While my invention contains many specificities and subordinate devices and assemblies, these should not be construed as limitations on the scope of invention or scope of use for the subordinate devices or assemblies, but rather as an exemplification of one preferred embodiment for one particular application. Many other variations and applications are possible. Some examples of possible variations are: The number of chain guides may be reduced if the axle with sprockets is moved to one end of the apparatus and substituted in place of one of the upper sets of chain guides. The chains may be substituted with perforated belts and the blade and blade attachment means modified so as to attach to the belts. Many variations of the chute are possible including concave members and large diameter plastic piping with various portion(s) cut away.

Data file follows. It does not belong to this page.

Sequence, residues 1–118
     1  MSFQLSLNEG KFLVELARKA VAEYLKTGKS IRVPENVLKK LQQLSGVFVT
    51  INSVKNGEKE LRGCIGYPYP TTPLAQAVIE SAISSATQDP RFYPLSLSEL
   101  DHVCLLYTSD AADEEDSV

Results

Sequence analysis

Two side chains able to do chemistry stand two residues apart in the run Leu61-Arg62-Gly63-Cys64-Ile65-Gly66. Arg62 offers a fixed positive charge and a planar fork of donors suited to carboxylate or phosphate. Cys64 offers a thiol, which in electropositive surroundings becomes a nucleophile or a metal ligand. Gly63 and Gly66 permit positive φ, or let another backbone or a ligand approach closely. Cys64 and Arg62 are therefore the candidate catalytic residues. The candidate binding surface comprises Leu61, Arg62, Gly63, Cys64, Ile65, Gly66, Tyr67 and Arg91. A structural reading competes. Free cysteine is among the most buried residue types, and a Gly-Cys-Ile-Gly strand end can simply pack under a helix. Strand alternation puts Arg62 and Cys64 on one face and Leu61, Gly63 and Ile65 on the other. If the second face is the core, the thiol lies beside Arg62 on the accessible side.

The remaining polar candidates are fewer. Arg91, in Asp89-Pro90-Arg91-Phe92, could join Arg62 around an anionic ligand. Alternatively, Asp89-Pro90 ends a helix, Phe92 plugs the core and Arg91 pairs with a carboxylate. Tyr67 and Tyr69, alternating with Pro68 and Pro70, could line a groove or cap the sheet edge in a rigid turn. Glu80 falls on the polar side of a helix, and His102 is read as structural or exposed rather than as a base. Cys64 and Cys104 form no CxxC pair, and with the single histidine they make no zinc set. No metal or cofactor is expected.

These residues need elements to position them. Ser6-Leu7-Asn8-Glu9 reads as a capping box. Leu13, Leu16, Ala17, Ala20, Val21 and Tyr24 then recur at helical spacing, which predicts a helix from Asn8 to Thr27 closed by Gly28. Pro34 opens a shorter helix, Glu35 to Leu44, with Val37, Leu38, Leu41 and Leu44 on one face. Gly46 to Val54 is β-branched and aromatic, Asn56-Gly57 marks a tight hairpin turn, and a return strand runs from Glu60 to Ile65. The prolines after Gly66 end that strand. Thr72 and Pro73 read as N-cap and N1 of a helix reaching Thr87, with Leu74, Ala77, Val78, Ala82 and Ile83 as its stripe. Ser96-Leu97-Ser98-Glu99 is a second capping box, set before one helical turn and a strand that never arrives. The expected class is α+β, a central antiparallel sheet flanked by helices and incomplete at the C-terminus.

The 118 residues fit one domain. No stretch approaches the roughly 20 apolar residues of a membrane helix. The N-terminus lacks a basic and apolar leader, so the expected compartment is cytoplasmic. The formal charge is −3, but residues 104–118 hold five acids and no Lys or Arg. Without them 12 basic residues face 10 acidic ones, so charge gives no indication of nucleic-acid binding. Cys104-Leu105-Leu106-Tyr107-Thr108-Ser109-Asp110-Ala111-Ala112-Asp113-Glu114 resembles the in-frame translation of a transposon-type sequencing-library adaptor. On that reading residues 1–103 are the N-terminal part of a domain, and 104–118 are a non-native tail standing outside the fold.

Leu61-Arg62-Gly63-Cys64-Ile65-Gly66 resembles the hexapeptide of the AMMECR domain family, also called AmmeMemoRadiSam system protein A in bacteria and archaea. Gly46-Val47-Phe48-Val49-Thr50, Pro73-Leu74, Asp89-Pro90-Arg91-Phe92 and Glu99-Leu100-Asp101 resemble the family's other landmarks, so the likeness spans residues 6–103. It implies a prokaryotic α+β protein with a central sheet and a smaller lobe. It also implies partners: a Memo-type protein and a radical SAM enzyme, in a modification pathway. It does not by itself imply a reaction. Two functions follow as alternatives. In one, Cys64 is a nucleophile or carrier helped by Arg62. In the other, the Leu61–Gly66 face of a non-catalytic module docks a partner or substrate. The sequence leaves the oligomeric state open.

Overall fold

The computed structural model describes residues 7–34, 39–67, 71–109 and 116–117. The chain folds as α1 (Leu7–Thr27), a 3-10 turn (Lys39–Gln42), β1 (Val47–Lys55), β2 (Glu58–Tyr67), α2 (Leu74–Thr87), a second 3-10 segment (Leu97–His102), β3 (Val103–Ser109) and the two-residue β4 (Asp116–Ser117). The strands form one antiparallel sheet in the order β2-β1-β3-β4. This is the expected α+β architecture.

My description of the self cleaning cat litter box contains the essential operating parts but this should not be construed to limit ancillary or optional items that may be added to the invention. For example multiple or different scraping and cleaning devices may be attached between the chains at various intervals. Cat litter material leveling or redistributing devices may also be attached either between the chains or as a foot or hand actuated device to lift one end of the invention. Additional openings and/or receptacles may be provided to facilitate the storage and/or infusion of new litter material into the apparatus.
FIG. 1 shows an isometric view of the self cleaning cat box.
FIG. 2A shows an exploded view of the blade, basket, and spool guides; 2B shows a basket pivot resistance member; 2C shows an alternate basket.
FIG. 3A to 3C are side views of the self cleaning cat box operation.
FIG. 4A shows a protective cover; 4B shows a lateral access restricting guard.